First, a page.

“The gloomiest day hath gleams of light.
The darkest wave hath bright foam near it.
And twinkles through the cloudiest night
Some solitary star to cheer it.”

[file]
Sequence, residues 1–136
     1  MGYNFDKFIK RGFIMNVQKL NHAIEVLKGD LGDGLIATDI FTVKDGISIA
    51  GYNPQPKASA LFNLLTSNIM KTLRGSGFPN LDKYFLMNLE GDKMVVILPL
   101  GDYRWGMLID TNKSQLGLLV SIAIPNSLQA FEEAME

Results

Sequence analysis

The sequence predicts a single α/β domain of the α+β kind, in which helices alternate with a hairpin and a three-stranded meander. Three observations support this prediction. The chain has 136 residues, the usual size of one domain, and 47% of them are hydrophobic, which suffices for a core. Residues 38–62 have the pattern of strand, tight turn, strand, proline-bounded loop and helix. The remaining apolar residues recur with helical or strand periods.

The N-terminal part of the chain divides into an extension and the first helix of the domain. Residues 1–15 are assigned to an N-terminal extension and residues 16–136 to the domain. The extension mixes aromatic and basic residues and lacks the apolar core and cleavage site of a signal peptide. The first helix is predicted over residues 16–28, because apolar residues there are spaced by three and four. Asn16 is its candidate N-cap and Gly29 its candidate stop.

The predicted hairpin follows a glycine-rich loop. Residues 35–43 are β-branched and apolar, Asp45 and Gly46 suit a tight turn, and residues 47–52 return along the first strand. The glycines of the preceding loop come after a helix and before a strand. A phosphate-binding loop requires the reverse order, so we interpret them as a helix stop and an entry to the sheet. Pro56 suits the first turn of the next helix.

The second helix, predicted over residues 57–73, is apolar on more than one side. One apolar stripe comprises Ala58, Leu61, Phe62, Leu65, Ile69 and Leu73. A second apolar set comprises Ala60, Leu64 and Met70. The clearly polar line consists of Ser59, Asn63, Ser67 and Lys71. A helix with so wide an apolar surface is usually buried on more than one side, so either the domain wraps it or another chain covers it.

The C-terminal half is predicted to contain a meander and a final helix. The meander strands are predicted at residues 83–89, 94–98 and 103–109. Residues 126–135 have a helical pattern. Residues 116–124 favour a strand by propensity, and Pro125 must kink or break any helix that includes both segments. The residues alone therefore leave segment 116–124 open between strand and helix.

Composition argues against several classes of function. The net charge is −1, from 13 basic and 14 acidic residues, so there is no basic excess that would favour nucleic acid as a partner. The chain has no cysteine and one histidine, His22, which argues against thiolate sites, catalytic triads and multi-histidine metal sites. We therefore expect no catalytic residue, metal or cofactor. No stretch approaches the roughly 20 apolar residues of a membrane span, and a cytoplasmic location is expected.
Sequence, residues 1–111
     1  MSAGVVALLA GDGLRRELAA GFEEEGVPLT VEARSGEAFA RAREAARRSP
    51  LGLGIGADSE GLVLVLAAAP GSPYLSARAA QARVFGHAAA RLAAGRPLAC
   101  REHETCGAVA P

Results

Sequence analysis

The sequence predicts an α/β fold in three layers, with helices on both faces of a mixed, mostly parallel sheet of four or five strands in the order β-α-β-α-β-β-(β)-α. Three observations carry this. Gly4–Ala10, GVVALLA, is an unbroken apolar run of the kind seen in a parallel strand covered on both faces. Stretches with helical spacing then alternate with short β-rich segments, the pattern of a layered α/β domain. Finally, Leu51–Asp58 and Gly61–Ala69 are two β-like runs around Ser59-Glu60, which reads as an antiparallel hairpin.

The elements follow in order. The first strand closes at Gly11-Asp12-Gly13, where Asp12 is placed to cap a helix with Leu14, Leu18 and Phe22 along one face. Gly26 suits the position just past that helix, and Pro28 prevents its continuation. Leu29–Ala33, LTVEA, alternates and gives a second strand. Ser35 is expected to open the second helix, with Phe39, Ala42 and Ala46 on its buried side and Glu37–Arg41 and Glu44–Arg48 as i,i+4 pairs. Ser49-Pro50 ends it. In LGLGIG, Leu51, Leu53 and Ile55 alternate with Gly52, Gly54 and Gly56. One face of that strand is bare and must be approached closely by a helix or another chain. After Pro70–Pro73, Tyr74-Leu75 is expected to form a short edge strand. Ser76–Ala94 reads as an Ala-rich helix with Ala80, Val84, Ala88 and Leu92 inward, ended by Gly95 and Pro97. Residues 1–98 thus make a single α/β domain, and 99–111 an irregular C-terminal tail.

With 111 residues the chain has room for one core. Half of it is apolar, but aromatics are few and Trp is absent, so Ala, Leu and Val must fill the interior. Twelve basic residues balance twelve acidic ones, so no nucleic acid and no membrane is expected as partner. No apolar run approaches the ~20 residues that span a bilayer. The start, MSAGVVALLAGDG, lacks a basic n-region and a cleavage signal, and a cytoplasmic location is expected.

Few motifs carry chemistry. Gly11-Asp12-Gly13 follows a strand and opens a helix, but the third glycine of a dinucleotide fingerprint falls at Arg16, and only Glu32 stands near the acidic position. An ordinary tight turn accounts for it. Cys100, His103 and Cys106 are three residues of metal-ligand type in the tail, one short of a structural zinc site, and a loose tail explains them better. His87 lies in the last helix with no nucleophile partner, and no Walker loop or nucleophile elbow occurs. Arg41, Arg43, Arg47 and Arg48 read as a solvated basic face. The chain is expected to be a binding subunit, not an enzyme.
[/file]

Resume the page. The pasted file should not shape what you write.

In plain view, where the sensible horizon receives the sun’s dip at eventide, beyond the moaning sea, and on the beautiful Clatsop Plains, this young girl took the first step in her life, with that small band of pioneers, and with them began her hopeful march towards a higher civilization, which in all similar cases ahs been attended with trial, privation and suffering. In the little to encourage them she was an equal partaker. In all that brought success she had a joint interest. Domestic duties or confinement to the house had but little favor with her. The long, open-air journey had prepared her, as a bird, for a more open or outdoor life; and, as she was fond of domestic animals, especially the horse, she found full flow for her animated spirits in assisting her father in his pursuits. She was of a precocious and hopeful disposition, and looked, as her days increased in number, for a better time to come to herself and family, with its rewards for making so many unfortunate sacrifices. And thus she spent her time until she was thirteen years of age, with no school to attend until she was eleven years old, when a teacher came into the neighborhood to teach the traditional three months’ school each year. Under that arrangement Berthina received the benefit of that school for three months.